Updated: Sep 1, 2022
I was recently asked, "What's the deal with training specific body parts each day, like 'arms day' or 'back day'? If I workout 30 minutes a day, should I be working out that way?" This question led into a discussion about the ideal workout schedule. Here is my response:
Frequency Is All-Important
When planning your workout schedule, focus on frequency. This means not just how frequent you are exercising, but more importantly, how frequent you are exercising each muscle group.
Here's an example of a poor workout schedule:
This schedule only trains each body part once/week. That's not enough frequency to send a strong signal to the body to build muscle or get stronger in each of those areas. You'll see improvement if you're going from no training to this plan, but we can do better.
Here's an example of a decent workout schedule:
This schedule trains each body part twice/week. That's pretty good! There are a few problems with this plan though:
1) This schedule assumes you will be able to exercise at a pretty high intensity each workout (you need to if you want to build muscle and/or improve strength). Unfortunately, most people can't bring high enough intensity six days/week for this to be very effective unless they're taking steroids, so most likely your intensity will suffer.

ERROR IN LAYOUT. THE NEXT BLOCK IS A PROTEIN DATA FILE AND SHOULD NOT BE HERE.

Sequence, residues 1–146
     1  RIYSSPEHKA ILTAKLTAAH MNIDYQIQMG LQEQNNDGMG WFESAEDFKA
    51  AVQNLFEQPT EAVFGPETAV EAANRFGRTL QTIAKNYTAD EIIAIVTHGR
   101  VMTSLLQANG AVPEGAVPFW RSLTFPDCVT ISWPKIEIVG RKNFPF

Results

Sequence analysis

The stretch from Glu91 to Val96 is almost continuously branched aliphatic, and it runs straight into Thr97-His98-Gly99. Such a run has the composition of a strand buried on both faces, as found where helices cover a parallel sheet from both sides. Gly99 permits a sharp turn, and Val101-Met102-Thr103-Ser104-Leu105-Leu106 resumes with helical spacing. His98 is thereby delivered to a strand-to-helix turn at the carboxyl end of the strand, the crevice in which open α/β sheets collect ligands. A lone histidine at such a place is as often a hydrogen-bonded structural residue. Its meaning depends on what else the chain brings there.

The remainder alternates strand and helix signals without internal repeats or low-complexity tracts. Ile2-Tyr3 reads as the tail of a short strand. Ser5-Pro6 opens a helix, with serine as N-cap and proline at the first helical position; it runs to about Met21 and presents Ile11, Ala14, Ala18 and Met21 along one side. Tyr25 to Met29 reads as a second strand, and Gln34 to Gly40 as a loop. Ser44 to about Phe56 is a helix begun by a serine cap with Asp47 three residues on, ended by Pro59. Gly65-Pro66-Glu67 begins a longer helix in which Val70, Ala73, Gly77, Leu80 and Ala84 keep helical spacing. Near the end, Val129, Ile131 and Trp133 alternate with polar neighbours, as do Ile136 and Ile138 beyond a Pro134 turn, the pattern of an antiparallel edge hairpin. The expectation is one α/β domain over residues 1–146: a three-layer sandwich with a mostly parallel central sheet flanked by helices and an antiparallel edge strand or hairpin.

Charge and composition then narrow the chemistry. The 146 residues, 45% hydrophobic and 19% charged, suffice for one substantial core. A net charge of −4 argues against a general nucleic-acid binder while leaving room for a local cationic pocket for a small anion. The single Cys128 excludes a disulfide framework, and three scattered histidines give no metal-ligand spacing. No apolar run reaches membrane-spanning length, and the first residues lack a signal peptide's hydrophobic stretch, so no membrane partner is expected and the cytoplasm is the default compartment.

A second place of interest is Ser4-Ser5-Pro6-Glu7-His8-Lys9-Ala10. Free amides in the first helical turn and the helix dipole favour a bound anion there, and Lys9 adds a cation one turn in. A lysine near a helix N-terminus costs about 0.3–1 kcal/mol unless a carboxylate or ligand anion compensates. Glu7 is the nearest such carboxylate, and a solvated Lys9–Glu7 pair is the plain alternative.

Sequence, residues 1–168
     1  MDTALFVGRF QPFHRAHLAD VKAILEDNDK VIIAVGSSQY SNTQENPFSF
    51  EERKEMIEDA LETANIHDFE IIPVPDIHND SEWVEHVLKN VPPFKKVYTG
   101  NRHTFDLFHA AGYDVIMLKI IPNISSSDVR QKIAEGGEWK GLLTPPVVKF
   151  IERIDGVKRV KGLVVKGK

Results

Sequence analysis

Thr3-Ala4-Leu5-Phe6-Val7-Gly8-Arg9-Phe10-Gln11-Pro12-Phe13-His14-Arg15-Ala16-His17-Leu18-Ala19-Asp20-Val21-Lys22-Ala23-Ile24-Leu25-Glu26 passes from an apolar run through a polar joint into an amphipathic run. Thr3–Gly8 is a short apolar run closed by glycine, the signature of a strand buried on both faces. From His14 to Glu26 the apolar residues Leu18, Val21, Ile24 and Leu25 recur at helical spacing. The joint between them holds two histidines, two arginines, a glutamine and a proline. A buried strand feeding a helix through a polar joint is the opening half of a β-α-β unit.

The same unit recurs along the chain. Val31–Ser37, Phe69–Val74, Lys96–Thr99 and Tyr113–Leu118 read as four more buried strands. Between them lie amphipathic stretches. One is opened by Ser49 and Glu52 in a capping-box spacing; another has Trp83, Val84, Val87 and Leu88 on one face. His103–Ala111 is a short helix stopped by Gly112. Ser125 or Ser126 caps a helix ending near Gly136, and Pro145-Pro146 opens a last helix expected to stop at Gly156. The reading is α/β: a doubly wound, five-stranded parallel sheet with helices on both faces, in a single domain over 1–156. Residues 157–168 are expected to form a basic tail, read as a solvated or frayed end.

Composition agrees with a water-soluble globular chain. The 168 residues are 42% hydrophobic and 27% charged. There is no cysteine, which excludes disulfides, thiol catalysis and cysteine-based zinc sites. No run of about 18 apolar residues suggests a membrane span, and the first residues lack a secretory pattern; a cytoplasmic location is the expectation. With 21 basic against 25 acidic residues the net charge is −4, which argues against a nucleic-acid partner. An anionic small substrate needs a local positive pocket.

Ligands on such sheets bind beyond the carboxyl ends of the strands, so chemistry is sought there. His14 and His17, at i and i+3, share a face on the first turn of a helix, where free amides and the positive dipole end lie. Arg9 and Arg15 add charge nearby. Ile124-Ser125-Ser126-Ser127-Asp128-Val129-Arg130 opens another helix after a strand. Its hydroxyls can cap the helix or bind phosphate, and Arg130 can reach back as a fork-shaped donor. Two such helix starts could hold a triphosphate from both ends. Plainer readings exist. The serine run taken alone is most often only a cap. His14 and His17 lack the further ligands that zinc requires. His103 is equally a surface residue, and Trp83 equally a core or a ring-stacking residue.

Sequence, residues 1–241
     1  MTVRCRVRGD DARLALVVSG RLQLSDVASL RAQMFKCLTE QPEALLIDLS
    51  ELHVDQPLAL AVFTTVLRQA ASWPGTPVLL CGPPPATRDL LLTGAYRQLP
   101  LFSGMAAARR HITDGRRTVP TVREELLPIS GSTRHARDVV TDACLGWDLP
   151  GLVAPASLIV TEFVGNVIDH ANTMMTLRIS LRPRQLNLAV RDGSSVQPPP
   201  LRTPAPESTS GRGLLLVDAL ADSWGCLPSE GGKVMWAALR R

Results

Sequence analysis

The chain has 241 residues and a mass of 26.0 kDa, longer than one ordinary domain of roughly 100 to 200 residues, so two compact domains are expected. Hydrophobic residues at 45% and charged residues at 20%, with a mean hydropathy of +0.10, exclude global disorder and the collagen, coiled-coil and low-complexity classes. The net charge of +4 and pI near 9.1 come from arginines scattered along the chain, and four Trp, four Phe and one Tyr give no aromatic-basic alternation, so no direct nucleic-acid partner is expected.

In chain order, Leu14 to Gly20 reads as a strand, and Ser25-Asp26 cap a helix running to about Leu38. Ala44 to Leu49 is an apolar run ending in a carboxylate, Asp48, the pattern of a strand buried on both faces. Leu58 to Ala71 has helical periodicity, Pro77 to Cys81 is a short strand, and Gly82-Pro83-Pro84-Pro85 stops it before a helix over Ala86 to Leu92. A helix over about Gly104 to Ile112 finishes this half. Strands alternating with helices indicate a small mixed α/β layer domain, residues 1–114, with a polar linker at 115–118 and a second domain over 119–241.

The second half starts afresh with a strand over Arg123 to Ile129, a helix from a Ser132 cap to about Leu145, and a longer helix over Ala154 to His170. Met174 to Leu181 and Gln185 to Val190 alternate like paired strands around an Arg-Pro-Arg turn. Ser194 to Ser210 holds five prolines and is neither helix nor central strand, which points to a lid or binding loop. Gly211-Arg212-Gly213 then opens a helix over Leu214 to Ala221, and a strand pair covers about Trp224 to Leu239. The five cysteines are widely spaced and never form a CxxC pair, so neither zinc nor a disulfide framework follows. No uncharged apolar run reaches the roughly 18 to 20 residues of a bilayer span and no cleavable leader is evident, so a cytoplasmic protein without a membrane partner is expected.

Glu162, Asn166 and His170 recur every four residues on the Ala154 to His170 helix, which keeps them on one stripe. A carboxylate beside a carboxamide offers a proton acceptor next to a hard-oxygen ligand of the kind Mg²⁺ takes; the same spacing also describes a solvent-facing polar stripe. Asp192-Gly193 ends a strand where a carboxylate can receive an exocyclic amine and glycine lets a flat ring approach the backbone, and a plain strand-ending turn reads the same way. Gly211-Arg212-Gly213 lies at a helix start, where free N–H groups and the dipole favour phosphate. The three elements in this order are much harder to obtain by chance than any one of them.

2) There isn't a lot of wiggle room with this plan. If you miss a day or two, it throws your schedule off for the whole week because each workout is crucial to maintaining a decent frequency per muscle group.
3) Two quality workouts per week is good, but if you're exercising six days/week then you should be aiming for three quality workouts per week. You'll see much better results!
Here's the schedule I prefer:
Monday- Total Body (High Intensity)
Tuesday- Total Body (Low Intensity)
Wednesday- Total Body (High Intensity)
Thursday- Total Body (Low Intensity)
Friday- Total Body (High Intensity)
Saturday- Total Body (Low Intensity)
This schedule trains each body part six days/week (three of which are high quality)! The high intensity days are meant to be HARD and the low intensity days are meant to be EASY. How hard and how easy you push depends on a number of things. They usually take some trial and error, too.
When to Ease Up/When to Push Harder
The main question to consider when adjusting your effort level on your easy days is this: Have I been recovering enough to push myself in my hard workouts? When in doubt: Make it easier—pivot to stretching, or a light cardio workout, or take the day off.
The main question to consider when pushing yourself on your hard days is this: Is my technique still good? When in doubt: Don't keep pushing.
If You Need to Take a Day Off It’s important to make sure you don't end up with a consistent medium intensity workout every day. You'll get most of your progress from your high intensity days, so if you ever need to skip a day or take a rest day, make it one of your low intensity days.
You will find that a total body workout that alternates in intensity and allows you to adjust according to your needs will be the most effective—not only in building muscle and increasing strength, but also in avoiding injury.